Thursday, January 6, 2011


We did it--we made it through shogatsu with full bellies, even though our grocery store was closed for 4 and 1/2 days and our refrigerator is the size of a box of Cheerios.
It helped that I had installed this handy fridge-annex in the backyard:

How do Japanese families do it? For one thing, most refrigerators are larger than ours. And another way is that some people make or purchase "osechi ryori"--beautifully arranged, specially prepared new year's foods that are designed to stay fresh (or at least be edible) for up to three days.

In early December, I stopped into the basement of Takashimaya department store, thinking I would order us a box of osechi, too. I asked directions, found the display, admired the beautiful boxes. But I didn't order a thing-- the cheapest box they had was 30,000 yen (about $340!). Many prices went as high as 120,000 yen! Even with "free" delivery, that's a bit much, dontcha think?

So luckily, the day before Fresco (the supermarket) closed, we decided to buy a box of Fresco-made osechi-ryori. This little box cost a mere 1500 yen. Isn't it beautiful?

We broke this out for lunch on January 2. What's in the box? From the upper left corner, you can see some kind of preserved tiny fish, three green soybeans on a stick, a bladder of fish eggs, some pickled renkon, sweet squishy tofu with "auspicious" stamped on it, pickled celery, pickled carrot, pickled bamboo shoot, some sweet black beans, some sweet potato "salad," and some daikon pickle shreds. In the middle were a couple slices of omelet roll, two prawns, and the lovely pickled kombu shown below.

(Cathy K., do I hear you drooling?)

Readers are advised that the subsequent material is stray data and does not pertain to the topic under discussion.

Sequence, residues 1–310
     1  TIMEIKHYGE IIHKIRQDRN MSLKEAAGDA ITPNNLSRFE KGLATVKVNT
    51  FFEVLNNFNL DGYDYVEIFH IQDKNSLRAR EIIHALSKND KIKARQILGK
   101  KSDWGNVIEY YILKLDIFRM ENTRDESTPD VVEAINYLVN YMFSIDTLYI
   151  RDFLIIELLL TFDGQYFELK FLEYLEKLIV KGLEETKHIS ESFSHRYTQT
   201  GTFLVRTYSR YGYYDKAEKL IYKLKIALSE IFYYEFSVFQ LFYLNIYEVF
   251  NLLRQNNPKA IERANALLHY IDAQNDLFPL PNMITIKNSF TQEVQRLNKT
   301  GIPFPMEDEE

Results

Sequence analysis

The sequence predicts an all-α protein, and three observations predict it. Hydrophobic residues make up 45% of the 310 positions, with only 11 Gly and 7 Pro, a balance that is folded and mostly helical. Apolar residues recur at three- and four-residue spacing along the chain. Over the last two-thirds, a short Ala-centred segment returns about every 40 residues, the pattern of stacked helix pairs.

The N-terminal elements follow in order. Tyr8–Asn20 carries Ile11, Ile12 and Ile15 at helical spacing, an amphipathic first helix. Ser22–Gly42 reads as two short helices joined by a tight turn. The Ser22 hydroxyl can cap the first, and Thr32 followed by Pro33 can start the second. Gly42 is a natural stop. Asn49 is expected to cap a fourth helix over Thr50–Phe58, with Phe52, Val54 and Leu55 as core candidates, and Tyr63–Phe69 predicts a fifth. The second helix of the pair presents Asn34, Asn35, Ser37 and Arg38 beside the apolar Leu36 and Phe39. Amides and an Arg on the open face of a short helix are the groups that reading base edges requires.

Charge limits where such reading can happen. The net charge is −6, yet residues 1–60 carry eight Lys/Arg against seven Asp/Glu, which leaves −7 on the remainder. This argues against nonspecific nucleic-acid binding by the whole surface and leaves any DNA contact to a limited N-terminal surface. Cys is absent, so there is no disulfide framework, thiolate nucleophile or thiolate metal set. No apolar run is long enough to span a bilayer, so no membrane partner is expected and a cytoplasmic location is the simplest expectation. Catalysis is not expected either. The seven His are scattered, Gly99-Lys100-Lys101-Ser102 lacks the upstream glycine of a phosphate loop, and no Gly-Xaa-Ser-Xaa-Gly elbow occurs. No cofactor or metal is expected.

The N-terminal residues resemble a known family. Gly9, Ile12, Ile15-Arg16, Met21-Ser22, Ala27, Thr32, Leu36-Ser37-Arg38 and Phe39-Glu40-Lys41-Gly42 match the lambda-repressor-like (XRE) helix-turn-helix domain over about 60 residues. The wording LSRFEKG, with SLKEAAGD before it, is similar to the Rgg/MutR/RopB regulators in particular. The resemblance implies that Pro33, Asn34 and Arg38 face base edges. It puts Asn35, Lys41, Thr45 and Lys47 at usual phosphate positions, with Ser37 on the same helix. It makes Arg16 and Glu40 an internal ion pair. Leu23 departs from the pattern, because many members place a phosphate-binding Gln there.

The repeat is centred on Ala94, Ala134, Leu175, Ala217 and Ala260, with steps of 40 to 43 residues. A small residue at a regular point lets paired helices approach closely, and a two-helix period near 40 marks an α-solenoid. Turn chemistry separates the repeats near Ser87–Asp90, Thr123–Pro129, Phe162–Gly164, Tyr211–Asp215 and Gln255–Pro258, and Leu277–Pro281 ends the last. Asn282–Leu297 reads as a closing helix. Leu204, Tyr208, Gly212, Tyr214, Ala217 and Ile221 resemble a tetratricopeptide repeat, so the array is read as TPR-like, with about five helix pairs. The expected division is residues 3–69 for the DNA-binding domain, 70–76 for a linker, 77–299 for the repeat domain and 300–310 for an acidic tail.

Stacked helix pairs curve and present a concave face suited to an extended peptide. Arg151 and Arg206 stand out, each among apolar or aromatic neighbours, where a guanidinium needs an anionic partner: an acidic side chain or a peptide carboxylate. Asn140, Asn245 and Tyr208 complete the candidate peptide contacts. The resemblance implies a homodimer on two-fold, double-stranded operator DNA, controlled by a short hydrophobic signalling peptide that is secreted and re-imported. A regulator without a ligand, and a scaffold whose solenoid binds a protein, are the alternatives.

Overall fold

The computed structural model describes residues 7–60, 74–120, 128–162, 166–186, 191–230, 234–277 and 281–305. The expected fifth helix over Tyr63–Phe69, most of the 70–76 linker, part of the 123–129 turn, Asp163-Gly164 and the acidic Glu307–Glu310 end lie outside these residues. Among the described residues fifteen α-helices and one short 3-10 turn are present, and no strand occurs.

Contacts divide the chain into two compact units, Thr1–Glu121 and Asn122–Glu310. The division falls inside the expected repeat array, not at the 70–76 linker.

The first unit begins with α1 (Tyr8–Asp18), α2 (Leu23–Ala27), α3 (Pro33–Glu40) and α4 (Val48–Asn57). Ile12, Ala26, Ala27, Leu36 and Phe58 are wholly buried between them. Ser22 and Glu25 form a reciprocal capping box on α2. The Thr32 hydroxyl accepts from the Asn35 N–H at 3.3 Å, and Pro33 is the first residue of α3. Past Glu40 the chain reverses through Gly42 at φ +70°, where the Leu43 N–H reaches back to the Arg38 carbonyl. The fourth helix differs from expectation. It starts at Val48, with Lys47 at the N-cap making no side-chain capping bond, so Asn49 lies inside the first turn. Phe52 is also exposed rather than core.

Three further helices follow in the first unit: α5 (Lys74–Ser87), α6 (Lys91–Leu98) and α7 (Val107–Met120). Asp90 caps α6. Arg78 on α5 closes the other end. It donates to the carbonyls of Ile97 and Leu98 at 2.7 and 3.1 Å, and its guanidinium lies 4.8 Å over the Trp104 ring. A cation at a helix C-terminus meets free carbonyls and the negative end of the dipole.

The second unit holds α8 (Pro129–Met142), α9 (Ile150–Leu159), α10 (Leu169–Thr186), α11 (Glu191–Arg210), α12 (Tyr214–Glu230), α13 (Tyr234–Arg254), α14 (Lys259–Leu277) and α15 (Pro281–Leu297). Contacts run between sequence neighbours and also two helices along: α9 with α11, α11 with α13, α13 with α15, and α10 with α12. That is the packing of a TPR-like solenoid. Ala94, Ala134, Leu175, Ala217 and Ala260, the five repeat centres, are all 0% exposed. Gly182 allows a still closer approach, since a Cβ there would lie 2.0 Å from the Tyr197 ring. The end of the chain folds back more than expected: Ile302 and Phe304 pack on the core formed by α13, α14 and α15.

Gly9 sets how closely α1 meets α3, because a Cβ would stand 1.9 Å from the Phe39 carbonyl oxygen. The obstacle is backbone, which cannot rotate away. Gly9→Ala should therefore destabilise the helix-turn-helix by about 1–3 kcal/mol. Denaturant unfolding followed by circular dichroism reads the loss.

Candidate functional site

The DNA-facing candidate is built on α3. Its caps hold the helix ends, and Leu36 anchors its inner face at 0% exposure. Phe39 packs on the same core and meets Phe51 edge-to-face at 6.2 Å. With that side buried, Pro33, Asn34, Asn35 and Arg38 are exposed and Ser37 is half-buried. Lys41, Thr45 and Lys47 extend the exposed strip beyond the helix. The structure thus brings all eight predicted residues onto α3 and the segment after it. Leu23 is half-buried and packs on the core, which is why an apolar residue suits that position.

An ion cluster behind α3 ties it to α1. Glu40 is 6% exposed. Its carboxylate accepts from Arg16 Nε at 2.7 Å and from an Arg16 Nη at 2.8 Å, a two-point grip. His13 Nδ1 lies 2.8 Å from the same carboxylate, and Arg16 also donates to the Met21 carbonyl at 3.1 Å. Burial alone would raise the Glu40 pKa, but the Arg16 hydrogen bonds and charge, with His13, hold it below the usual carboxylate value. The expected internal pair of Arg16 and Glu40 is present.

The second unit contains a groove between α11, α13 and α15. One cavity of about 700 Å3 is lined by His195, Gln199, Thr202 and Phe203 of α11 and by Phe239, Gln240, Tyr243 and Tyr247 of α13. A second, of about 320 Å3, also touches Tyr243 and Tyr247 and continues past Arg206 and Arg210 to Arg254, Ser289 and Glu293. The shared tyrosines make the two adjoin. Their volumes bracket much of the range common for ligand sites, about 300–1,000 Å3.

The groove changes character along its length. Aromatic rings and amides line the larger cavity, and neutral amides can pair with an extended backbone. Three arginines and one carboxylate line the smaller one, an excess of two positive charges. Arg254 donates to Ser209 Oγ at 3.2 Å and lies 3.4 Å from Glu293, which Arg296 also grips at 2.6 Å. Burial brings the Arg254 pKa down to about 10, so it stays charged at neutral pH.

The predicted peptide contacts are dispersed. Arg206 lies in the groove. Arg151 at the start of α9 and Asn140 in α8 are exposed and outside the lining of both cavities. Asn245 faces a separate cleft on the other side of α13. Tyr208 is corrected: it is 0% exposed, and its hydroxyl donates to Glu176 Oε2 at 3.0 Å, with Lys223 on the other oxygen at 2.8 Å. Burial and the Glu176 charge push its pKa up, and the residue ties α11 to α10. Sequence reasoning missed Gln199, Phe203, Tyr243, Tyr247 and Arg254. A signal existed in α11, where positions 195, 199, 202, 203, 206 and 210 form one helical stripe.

We all tried bits and pieces.

We liked the soybeans, black beans, and sweet potatoes.

But.... some of the pickles were a bit much, even for my brave boys:

The pickled kombu was the anti-favorite.

Darrin convinced me that this was "actually really tasty! Like licorice!" he promised.

So now I know where you can get some long-lasting, fish-flavored licorice if you're interested....

The fish egg bladder didn't go down too well either. But it does make a lovely crunch when you chew it.

The good part of this experience is that I have finally figured out how to lose weight in Japan! Send me $1500 and I'll set you up with a lovely diet program next winter.


  1. i was loving everything about japan until now....

  2. Haha. I'm with Margaret. Can't believe they only gave you 3 beans...not even 1 for each of you!

  3. Wow...and to think that it was an accomplishment to get Luke to eat some black beans yesterday. American food is so boring! Love your blog, Beth, and we will do a better job of reading it and checking in during 2011! Happy new year. Wendy

  4. Hey! It's like Japanese NutriSystem!

  5. These are funny pictures! I think you guys should all try a nice big helping of natto.
    And, if you've not already done so, please have your camera ready. Please.